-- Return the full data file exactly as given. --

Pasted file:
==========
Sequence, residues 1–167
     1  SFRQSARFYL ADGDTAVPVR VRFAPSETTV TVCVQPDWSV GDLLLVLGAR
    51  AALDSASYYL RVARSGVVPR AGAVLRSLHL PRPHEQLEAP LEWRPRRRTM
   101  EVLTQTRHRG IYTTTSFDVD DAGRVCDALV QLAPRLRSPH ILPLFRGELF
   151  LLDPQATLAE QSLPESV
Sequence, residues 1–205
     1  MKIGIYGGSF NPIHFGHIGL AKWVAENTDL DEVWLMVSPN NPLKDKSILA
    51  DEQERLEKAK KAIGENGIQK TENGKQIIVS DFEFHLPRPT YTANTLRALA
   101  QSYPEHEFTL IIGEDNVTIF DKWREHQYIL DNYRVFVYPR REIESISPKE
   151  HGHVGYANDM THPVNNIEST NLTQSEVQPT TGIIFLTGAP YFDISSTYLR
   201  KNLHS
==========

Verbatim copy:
Sequence, residues 1–167
     1  SFRQSARFYL ADGDTAVPVR VRFAPSETTV TVCVQPDWSV GDLLLVLGAR
    51  AALDSASYYL RVARSGVVPR AGAVLRSLHL PRPHEQLEAP LEWRPRRRTM
   101  EVLTQTRHRG IYTTTSFDVD DAGRVCDALV QLAPRLRSPH ILPLFRGELF
   151  LLDPQATLAE QSLPESV
Sequence, residues 1–205
     1  MKIGIYGGSF NPIHFGHIGL AKWVAENTDL DEVWLMVSPN NPLKDKSILA
    51  DEQERLEKAK KAIGENGIQK TENGKQIIVS DFEFHLPRPT YTANTLRALA
   101  QSYPEHEFTL IIGEDNVTIF DKWREHQYIL DNYRVFVYPR REIESISPKE
   151  HGHVGYANDM THPVNNIEST NLTQSEVQPT TGIIFLTGAP YFDISSTYLR
   201  KNLHS